A foreign policy you can’t refuse

The World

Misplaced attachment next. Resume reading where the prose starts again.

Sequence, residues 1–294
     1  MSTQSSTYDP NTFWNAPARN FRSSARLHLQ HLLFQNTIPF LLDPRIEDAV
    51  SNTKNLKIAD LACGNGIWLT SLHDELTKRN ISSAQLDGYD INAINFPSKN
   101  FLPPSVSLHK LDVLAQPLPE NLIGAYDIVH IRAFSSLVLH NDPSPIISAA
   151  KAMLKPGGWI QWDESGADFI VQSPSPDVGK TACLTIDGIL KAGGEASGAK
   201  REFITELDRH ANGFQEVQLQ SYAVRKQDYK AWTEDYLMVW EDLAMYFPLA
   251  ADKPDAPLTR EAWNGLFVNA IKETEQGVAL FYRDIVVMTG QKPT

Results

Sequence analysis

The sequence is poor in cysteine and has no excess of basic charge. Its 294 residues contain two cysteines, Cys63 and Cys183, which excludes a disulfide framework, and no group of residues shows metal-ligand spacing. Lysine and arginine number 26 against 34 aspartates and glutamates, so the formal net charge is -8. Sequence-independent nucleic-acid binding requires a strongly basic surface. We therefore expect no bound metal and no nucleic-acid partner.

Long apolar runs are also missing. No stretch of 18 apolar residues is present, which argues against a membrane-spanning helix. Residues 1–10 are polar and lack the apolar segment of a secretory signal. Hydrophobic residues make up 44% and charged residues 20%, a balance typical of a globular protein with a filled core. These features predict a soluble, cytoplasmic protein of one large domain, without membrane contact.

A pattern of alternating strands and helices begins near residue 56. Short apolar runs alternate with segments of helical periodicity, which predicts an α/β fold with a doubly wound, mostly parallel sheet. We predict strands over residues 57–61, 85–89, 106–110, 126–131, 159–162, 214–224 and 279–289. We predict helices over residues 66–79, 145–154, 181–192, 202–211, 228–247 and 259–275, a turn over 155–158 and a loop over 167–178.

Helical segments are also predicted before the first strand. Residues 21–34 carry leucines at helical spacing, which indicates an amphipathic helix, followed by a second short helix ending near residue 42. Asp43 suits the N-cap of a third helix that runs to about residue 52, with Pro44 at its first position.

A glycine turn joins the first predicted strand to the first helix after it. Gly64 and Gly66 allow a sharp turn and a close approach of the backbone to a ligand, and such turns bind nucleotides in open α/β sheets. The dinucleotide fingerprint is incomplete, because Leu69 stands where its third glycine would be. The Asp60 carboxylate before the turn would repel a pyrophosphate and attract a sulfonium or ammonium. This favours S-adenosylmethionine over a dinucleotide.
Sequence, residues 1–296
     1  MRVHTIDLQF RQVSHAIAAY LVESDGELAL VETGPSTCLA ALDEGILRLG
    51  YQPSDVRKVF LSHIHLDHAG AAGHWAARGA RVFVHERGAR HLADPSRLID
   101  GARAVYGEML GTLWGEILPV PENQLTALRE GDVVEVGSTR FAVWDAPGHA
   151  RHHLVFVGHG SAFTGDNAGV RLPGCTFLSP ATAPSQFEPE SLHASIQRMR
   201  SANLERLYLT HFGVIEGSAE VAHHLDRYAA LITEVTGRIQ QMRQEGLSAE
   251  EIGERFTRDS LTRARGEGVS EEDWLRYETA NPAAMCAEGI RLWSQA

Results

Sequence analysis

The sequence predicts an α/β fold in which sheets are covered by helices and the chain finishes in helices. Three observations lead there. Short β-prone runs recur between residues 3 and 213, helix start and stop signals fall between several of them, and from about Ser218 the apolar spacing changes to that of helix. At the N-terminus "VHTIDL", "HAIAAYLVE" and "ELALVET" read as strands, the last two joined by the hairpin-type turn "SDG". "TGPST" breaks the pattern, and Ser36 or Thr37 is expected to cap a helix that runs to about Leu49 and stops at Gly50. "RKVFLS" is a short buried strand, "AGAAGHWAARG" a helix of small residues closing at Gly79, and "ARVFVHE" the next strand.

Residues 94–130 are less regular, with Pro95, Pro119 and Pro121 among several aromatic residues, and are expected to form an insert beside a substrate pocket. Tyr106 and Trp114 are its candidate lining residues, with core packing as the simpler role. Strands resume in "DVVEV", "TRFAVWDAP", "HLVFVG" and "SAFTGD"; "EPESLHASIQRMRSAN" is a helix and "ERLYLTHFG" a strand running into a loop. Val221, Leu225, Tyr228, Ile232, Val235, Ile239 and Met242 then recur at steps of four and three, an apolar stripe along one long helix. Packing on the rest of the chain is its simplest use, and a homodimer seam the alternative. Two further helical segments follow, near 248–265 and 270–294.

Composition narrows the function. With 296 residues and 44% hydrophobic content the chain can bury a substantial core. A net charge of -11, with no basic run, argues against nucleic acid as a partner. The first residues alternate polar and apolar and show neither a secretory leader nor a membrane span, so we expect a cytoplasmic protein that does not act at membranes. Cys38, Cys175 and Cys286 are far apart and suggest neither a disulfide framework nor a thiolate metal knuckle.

It’s a story of an aging mafia player whose hold on power is not all it seems. Wes Mitchell, one of the authors of the report: �You see the Don and he is emblematic of a declining hegemon. The movie opens showing his power and then you find out his power is declining in the next few scenes.� The authors assert that the assassination plot is a metaphor for America’s decline in recent years: �the parallel between the small power who shoots the Don at the fruit stand is with what happened to the US in 9/11. it then seeks into the three sons that there’s a need for a response to this new threat.� It’s the different responses which is central to the metaphor for America’s foreign policy, according to WM: �His sons come into the scene and show parallels to the three major lines of thinking of American foreign policy: neo-cons who use military strength to maintain power, the backroom diplomat and lawyer who sees the reality of decline who represents the liberal institutionalist, and then the key figure who understands power, representing the realist. At the moment we’ve got the first two but the tragedy is there is no third. Obama thinks America is still the power at the table with the leverage at the table. McCain has strong Sonny tendencies and might reach for the military tool. I think for either candidate, they’ll realize those two approaches are broken and they’ll need to be realistic.� This metaphor does have its limits, namely many people are uncomfortable comparing the US to a New York crime syndicate.

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